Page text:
BAD TIMES AT THE EL ROYALE (2018)

An abandoned motel straddling the California/Nevada state lines plays host to six strangers with dark pasts.

The cast is inspired, the production design is excellent and the stagecraft is fantastic. Cinematography is creative and makes the whole production feel like an elaborate stage play. Soundtrack is stacked with 50s bops.

Pacing’s a little off and it drags some in the back half, but its style and character performances really elevate it as a solid, well executed Noir thriller.

Recommended.

VIVO (2021)

A colourful celebration of Latin American music, soundtracked by and starring Lin Manuel Miranda as the titular kinkajou.

Skews to a younger crowd, with bright colours and high antics. Some of the designs are honestly pretty ugly but the story has heart and the songs are all original Mirandas, including some great performances from Gloria Estefan.

Good for the kids, but lacking that extra layer of depth that makes an animated film truly great and memorable.

NARCOS (s01-03)

A little late to the party on this one, sure, but better late than never.

The sort of prestige crime drama usually reserved for HBO, it marks a period of Netflix when they were trying especially hard to establish themselves as a viable rival. It really shows.

Usually I avoid discussing plot since I often prefer myself to be able to start watching something without knowing where it’s going, but that approach is kind if moot here since Narcos is explicitly about the burgeoning cocaine trade in Medellín, Colombia during the 1980s and 90s — most notably charting the rise and fall of legendary cartel kingpin Pablo Escobar.

Performances are fantastic. Story is tense, engaging and frequently horrifying as the drug war escalates and corruption seeps into everything. Interests become conflicted, power shifts, lots of innocent people get caught in the crossfire.

A dark and depressing tale, the effects of which are still being felt to this day.

Recommended.

THE TOMORROW WAR (2021)

It’s… fine?

Creature design is fantastic, VFX are A-grade, story is intriguing enough in principle:

A war in the future recruits people from the present to battle an unstoppable alien force. Hijinx ensue.

However, so much of the overlong runtime boils down to characters moving towards an objective while shooting in flat, uninteresting sequences.

Maybe I’ve just crossed my threshold of interest in seeing Chris Pratt as a generic soldier hero bro.

There’s some clever ideas and some great shots mixed in, but overall it doesn’t really cohere to capitalise on an interesting idea and ends up being merely competent.

It’s not bad, it’s just not great.

Probably just watch Edge of Tomorrow again instead, it’s more fun.

THE SUICIDE SQUAD (2021)

Absurdly violent, ridiculously silly and very, very entertaining.

The smartest move was definitely to just ignore that they made one of these in 2016 and throw a whole pile of fresh C-list characters into the grinder.

Never once takes itself seriously, yet manages to take enough time to bring an emotional core to each of these assholes to make the stakes stick and the action meaningful.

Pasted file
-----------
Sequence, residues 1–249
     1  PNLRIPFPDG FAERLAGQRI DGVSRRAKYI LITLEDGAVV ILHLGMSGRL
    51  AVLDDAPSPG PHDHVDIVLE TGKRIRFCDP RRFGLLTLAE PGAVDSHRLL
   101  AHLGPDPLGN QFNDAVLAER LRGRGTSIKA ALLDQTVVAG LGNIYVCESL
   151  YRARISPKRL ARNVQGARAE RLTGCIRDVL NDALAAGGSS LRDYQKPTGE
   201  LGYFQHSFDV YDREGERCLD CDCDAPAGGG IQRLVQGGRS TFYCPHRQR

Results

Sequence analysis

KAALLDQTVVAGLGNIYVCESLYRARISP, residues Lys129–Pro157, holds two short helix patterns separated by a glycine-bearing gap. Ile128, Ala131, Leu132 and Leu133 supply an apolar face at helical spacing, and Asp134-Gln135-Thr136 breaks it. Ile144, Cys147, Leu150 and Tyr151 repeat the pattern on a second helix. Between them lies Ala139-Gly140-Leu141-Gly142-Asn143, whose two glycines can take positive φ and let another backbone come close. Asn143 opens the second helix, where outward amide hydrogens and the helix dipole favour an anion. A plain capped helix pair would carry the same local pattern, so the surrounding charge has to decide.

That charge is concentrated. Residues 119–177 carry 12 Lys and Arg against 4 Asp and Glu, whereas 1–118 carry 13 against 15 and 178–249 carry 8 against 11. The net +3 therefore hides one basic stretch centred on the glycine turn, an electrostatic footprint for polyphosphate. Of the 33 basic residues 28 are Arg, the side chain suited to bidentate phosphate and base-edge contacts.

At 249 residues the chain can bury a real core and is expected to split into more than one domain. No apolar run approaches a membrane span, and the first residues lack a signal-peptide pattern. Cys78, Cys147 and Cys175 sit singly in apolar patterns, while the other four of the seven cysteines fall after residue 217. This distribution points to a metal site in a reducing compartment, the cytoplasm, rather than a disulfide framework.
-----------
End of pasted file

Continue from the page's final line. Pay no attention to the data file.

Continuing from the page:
Soundtrack’s great, characters are fun, story is appropriately bonkers. Most importantly, it’s a good time!

Easily the best DC film, requires zero comic knowledge to enjoy.

Definitely recommended.

BLOOD RED SKY (2021)

Terrorists hijack a plane and unwittingly set off a vampire hiding onboard.

If nothing about that premise makes you immediately say “fuck yeah” then I don’t know what more I can tell you to sell it. It’s ridiculous and it’s fun and it takes itself just seriously enough to stay firmly a horror movie with an emotional core rather than to devolve to a trashy comedy like it easily could have.

Makeup work is great, cast is solid, execution is exactly what it needs to be.

An A-grade B-movie.

Recommended.

THE GREEN KNIGHT (2021)

A cinematic Arthurian heroic poem, complete with knights, woodland creatures, saints, spirits and mythic quests.

Run all of that through the sort of slow-burn style and striking visuals that A24 is known for and you’ve got The Green Knight.

Incredibly well crafted, the sort of tone that the fantasy genre is sorely missing more of.

Dev Patel brings exactly the right blend of gravitas and arrogance, the scenery and production design are gorgeous, the tale weaves and meanders perfectly as fables should.

The sense of world and myth is huge and dense — it chooses contemplation and symbolism over action and succeeds massively in presenting something thoughtful and strange. More akin to Pan’s Labyrinth than The Lord of the Rings.

It’s slow and mostly ambiguous, but if that’s your thing then this comes highly recommended.

THE STAND (2020)

Ironic that this released just as the world was dealing with a very real pandemic, so understandable that it was largely ignored or passed over given the circumstances.

Stephen King stories are best treated as limited series such as this, as it gives the characters plenty of room to exist and be human within the story.

As post-apocalyptic tales go, this is more mythical forces of good and evil acting through human conduits than say, your standard meditation on the nature of humanity in a world gone to hell.

Plus, the production quality really sells the end of the world and the casting is all excellent.

A solid and faithful adaptation of King’s epic, tweaked and modernised just enough to play to modern sensibilities.

Recommended.